Tuesday, November 15, 2011

String Bridge by Jessica Bell

About The Book: Greek cuisine, smog and domestic drudgery was not the life Australian musician, Melody, was expecting when she married a Greek music promoter and settled in Athens, Greece. Keen to play in her new shoes, though, Melody trades her guitar for a 'proper' career and her music for motherhood. That is, until she can bear it no longer and plots a return to the stage--and the person she used to be. However, the obstacles she faces along the way are nothing compared to the tragedy that awaits, and she realizes she's been seeking fulfilment in the wrong place.

First Line: If music were wind, I would live in a hurricane.

One Great Line:"We smile at each other and carch a glimpse of something unsaid, but written in our eyes--something that reminds me of the early days, when small simple looks and smiles came from somewhere a lot deeper than our faces." (38)

Cover: Janice Phelps Williams

Sound Track: AWESOME!!!
Songs written by Jessica Bell
Acoustic/Rhythm guitar and vocals performed by Jessica Bell
Bass guitar performed by Jessica Bell on On the Other Side
Lead guitar performed by George Priniotakis
Recorded at Artracks Recording Studios, Athens, Greece, by Alex Bolpasis
Arranged, produced, mixed and mastered at Artracks Recording Studios, Athens, Greece, by George Priniotakis

What Others Are Saying: “Author, Jessica Bell paints a claustrophobic vision of life where domesticity becomes an ever-diminishing prison cell. With gripping prose and terse dialogue, 'String Bridge' is a powerful debut novel from a very talented writer." -Talli Roland, bestselling author of The Hating Game and Watching Willow Watts

“Jessica Bell’s STRING BRIDGE strummed the fret of my veins, thrummed my blood into a mad rush, played me taut until the final page, yet with echoes still reverberating. A rhythmic debut with metrical tones of heavied dark, fleeting prisms of light, and finally, a burst of joy—just as with any good song, my hopeful heartbeat kept tempo with Bell’s narrative.” -Kathryn Magendie, author of Sweetie, Tender Graces and Secret Graces,Publishing Editor of Rose & Thorn Journal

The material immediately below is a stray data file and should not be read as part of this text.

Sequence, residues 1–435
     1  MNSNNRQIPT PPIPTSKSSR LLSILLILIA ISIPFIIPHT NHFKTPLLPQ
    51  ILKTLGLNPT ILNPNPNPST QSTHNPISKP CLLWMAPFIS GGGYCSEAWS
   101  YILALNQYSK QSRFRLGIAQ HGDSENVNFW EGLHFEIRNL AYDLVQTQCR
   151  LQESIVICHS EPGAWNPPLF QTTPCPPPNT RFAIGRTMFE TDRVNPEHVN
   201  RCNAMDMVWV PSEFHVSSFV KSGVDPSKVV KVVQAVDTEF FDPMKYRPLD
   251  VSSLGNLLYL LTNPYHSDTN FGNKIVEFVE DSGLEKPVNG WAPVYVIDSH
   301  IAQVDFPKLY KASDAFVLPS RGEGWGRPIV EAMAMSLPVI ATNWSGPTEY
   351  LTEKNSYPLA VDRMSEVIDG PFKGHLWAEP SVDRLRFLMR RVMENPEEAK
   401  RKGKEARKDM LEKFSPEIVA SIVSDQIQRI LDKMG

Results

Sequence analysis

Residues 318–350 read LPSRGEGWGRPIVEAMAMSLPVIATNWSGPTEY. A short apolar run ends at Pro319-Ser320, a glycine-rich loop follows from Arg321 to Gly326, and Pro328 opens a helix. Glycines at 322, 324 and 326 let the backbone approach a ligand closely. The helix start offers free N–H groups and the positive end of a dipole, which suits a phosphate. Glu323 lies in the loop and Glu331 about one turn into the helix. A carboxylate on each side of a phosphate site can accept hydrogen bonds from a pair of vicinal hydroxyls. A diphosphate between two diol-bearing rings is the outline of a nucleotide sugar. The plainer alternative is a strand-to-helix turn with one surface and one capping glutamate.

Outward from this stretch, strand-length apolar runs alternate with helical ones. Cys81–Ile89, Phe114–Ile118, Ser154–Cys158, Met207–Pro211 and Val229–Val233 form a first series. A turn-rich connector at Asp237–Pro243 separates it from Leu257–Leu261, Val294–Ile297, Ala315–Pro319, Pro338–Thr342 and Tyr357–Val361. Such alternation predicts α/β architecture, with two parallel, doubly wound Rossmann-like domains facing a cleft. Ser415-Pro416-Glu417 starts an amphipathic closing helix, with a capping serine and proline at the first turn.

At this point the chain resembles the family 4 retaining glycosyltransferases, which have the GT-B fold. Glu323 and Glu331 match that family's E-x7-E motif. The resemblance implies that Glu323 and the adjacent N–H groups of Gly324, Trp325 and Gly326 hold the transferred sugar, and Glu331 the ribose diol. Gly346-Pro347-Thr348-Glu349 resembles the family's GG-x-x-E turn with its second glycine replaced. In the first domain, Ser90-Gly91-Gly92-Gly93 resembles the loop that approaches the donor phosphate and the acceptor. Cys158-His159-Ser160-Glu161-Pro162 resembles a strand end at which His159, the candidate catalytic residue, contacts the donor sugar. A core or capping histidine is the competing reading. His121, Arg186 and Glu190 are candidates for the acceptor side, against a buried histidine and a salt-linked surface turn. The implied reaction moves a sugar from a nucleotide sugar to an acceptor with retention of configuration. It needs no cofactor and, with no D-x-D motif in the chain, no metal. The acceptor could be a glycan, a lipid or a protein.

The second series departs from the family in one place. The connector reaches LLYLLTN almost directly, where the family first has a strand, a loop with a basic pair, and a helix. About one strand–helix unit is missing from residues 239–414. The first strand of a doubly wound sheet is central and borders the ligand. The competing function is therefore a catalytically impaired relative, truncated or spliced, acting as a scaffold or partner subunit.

What I Thought: For a long time I thought I was just a slow reader. Over the years I've come to learn that the sound of words echoing in my head and rolling off my tongue requires a slow pace. Like fine wine and great food, literature is meant to be savored. Jessica's lyrical words and phrases ruminate long after the cover closes. String Bridge is more than a story. When Melody begins listening to her soul, you can't help but feel your own soul harmonizing right along. This touched my heart on so many levels and I can't recommend enough. Jessica Bell has opened her heart and spilled her soul for all of us, the ultimate gift. Thanks, Jessica.

About Jessica Bell: 

String Bridge Book Trailer
String Bridge Merchandise
Publisher: Lucky Press

Jessica Bell grew up in Melbourne, Australia, to two gothic rock musicians who had successful independent careers during the '80s and early '90s. She spent much of her childhood travelling to and from Australia to Europe, experiencing two entirely different worlds, yet feeling equally at home in both environments. She currently lives in Athens, Greece and works as a freelance writer/editor for Hellenic American Union, Cengage Learning, Pearson Education, Education First and Signature Manuscripts. Jessica Bell has published a book of poetry called Twisted Velvet Chains. A full list of poems and short stories published in various anthologies and literary magazines can be found on her website. Additionally, she has written various English textbook materials and is also a singer/songwriter/guitarist. Ms. Bell's experience as an Australian living in Greece has greatly influenced her writing.

I'd like to thank Jessica for taking the time to answer all these questions so thoughtfully! She's so incredibly talented and I'm very excited for her!!

1) As a debut author, what do you wish you would have known or think that aspiring authors should know?
To trust your instincts! Sometimes you get feedback that just doesn’t sit well with you. When you’re an aspiring author, it’s very hard to take advice with a grain of salt because you think other, more experienced writers, know better. Sometimes they do, especially if they are professional editors, but sometimes the feedback they give is based on how they would do things, or how they think a book should be written to survive the commercial market, without really getting to know who you are or how you write. This was the biggest mistake I made when I was starting out, and I spent about 4-5 years writing in a style that wasn’t really me, simply because a ‘professional’ told me I had the voice for it. It took a long time to realize that I had my own style and that I should embrace it, rather than fight it to fit into a commercial mold.

2) Tell us about your inspiration for String Bridge?